In another embodiment of the invention there is provided a suite of assays for determining the selective inhibition of PPP1 R15B or PPP1 R15A of a candidate selected from a polypeptide, polynucleotide, antibody, peptide or small molecule compound, wherein the assay comprises the steps of:

i) treating mammalian cells with the candidate;

ii) monitoring elF2a phosphorylation over time;

wherein transient induction of elF2a phosphorylation indicates selective inhibition of PPP1 R15B or PPP1 R15A.

Optionally, the assay is used as a high throughput screen. For example, elF2a phosphorylation can be detected by a method suitable for a HTS such as, but not limited to, immunological detection of elF2a phosphorylation (e.g. the AlphaScreen ® SureFire™ Phospho-elF2a (Ser51) Assay).

A selective PPP1 R15B inhibitor induces a transient elF2a phosphorylation because elF2a is ultimately dephosphorylated by PPP1 R15A. Thus screening for compounds that only transiently induce elF2a phosphorylation will lead to the identification of selective PPP1 R15B inhibitors. Alternatively, any other method to monitor elF2a phosphorylation directly or indirectly can be used in a HTS. For example: monitoring translation rates will mirror elF2a phosphorylation; a selective PPP1 R15B inhibitor will only transiently reduce translation rates and this property can be used in a HTS to identify selective PPP1 R15B inhibitor. As elF2a phosphorylation induces ATF4, PPP1 R15A and CHOP these genes or proteins can be used as reporters in a screen to identify selective PPP1 R15B inhibitors under the conditions described herein where elF2a phosphorylation is only transient.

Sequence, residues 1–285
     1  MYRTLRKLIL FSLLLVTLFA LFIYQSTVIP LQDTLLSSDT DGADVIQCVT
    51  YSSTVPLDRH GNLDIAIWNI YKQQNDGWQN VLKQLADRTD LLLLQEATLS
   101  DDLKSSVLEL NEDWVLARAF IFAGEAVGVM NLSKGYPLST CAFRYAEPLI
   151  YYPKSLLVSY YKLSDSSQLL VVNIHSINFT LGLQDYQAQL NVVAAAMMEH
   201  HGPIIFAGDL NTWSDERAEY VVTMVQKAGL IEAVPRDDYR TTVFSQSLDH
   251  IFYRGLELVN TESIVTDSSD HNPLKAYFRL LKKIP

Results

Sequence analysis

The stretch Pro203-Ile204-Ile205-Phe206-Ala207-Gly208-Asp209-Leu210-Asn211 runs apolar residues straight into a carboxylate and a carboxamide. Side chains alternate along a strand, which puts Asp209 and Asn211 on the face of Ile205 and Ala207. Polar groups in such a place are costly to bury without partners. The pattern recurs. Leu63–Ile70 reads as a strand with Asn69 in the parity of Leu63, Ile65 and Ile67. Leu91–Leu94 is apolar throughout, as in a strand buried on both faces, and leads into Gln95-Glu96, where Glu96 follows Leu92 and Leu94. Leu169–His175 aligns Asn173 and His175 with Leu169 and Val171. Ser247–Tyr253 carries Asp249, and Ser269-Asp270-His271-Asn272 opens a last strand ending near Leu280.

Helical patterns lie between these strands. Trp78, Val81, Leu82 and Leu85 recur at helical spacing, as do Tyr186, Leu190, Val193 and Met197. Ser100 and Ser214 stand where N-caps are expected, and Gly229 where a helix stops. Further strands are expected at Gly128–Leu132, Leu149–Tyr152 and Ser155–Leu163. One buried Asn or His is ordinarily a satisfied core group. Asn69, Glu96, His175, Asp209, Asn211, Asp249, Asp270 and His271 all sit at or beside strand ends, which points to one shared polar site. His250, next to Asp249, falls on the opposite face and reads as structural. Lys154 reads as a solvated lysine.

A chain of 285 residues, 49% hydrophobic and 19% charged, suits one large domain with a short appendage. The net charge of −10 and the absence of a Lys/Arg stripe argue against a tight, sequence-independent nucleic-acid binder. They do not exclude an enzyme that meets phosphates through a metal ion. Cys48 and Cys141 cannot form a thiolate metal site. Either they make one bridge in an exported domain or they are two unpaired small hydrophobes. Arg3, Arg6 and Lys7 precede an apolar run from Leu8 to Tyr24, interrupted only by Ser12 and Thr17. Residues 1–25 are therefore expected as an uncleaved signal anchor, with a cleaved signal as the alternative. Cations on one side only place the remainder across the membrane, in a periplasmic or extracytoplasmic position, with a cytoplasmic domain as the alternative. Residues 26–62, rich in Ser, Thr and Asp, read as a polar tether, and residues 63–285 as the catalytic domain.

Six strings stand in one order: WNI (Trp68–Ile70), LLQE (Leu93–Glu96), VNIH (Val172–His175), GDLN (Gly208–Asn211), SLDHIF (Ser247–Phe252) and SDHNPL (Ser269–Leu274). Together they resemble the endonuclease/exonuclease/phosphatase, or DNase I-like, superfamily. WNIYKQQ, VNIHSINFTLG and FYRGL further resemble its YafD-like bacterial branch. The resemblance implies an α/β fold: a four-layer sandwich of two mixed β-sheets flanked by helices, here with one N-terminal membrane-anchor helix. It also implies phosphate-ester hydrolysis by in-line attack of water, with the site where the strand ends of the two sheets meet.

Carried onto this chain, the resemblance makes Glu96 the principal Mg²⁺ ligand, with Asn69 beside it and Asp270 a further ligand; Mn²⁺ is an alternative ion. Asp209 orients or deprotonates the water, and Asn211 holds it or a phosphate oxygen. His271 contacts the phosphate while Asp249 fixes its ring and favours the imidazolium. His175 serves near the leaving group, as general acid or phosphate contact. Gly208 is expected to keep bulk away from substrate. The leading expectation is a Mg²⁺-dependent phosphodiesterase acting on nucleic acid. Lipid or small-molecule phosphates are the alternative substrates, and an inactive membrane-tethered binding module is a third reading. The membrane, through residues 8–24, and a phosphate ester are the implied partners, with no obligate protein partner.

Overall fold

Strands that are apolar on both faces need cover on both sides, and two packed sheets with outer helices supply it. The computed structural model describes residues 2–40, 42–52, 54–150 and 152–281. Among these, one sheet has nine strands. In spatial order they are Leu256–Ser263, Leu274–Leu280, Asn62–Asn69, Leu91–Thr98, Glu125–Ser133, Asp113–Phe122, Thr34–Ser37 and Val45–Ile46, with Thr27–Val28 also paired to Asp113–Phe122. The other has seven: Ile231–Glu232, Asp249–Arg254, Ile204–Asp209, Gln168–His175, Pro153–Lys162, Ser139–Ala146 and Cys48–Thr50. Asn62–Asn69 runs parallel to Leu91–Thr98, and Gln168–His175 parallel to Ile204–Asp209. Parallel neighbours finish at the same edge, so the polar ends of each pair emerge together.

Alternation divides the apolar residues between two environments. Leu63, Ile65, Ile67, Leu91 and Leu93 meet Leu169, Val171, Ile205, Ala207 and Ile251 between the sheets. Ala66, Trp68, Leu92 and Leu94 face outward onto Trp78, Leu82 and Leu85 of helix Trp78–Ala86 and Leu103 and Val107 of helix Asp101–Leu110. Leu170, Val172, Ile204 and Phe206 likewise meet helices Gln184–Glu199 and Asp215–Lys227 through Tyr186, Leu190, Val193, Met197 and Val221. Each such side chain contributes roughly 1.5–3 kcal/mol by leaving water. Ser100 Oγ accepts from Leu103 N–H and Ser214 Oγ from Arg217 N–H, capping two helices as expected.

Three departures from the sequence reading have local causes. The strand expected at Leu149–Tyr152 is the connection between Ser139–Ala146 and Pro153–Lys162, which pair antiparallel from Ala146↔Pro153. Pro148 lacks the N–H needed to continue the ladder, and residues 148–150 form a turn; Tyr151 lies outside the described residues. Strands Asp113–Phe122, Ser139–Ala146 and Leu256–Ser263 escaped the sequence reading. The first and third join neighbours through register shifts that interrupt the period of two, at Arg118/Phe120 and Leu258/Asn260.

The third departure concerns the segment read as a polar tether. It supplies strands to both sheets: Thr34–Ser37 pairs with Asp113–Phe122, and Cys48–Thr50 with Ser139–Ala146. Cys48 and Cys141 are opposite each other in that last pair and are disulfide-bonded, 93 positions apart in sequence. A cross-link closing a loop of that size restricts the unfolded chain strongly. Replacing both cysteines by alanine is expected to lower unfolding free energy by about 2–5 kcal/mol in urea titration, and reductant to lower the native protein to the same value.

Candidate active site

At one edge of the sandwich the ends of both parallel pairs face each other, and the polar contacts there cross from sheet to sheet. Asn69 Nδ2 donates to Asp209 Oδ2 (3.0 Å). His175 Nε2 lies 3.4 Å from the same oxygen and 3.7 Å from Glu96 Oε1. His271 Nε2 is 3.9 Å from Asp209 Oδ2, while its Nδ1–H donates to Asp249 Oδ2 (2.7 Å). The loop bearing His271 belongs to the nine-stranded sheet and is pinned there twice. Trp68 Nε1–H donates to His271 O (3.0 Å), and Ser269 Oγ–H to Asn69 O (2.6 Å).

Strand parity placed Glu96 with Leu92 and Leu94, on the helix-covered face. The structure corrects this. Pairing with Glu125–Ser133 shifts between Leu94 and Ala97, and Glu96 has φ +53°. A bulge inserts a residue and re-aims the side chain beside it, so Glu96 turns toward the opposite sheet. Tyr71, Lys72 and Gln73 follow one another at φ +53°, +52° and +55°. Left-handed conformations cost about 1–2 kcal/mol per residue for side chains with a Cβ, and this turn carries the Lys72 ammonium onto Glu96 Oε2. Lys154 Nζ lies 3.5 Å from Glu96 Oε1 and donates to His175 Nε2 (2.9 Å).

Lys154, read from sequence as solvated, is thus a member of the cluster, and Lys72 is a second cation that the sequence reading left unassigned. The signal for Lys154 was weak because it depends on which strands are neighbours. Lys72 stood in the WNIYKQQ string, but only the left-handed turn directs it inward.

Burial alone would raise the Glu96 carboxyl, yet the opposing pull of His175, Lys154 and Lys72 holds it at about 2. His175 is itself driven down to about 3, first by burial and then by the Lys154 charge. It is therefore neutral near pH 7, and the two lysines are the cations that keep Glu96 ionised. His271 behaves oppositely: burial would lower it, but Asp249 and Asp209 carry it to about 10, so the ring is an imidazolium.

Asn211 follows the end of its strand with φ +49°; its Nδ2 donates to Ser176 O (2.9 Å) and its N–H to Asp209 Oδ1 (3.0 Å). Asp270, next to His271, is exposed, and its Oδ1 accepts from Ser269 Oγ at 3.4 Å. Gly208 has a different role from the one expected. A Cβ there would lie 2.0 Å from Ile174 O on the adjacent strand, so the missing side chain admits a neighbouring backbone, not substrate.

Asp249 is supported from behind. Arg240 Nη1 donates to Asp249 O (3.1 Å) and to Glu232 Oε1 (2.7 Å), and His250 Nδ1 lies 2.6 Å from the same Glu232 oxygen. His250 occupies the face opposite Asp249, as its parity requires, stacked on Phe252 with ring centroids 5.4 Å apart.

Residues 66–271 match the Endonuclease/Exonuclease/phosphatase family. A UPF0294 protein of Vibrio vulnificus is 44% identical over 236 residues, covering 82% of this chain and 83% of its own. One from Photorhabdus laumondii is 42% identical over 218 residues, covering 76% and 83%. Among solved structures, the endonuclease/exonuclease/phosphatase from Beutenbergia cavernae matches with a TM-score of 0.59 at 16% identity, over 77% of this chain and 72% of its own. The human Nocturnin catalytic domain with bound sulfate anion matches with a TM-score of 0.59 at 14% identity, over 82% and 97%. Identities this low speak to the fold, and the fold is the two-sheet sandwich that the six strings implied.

In one embodiment, the candidate compound is generated by conventional SAR modification of a compound of any of Examples 1 to 4.

In another embodiment, the PPP1 R15B inhibitor is capable of protecting cells from stress by at least 20%, more preferably at least 30%, even more preferably at least 40%, at least 50%, at least 60%, at least 70%, at least 80%, and more preferably still, by at least 90%.

For example, the inhibitor of Example 1 protects cells from cytotoxic ER stress caused by tunicamycin. Cytoprotection against ER stress can be measured by any suitable assay. For example, cytoprotection can be measured in HeLa cells in which ER stress is elicited by the addition of media containing tunicamycin, a drug that blocks N-glycosylation, thereby preventing protein folding and inducing the unfolded protein response. Cell viability can be detected in the presence and absence of PPP1 R15B inhibitor after a set period of time, by measuring the reduction of WST-8 into formazan using a standard cell viability kit (such as Cell Viability Counting Kit-8 from Dojindo). Cytoprotection from ER stress is measured in terms of the percentage increase in viable cells (relative to control) after ER stress.

By extension, a compound of Example 1 is capable of protecting cells against tunicamycin-induced stress but also other types of stresses such as, but not restricted to, stress induced by thapsigargin, stress caused by misfolding of proteins, amino acid analogues (for example azetidine, canavanine), reducing agents (DTT) and oxidative stress.

Cytoprotection from stress can be used to identify further PPP1 R15B inhibitors.

Optionally, the assay is used as a high throughput screen. For example, HTS can be used to measure cell survival under stress in order to identify new PPP1 R15B inhibitors.

In one embodiment, there is provided a comparative cell viability assay to determine selectively of a PPP1 R15B inhibitor comprising the steps of i) treating PPP1 R15A and PPP1 R15B knock-out cells with the PPP1 R15B inhibitor, and then ii) comparing with the viability of wild-type, PPP1 R15A and PPP1 R15B knock-out cells.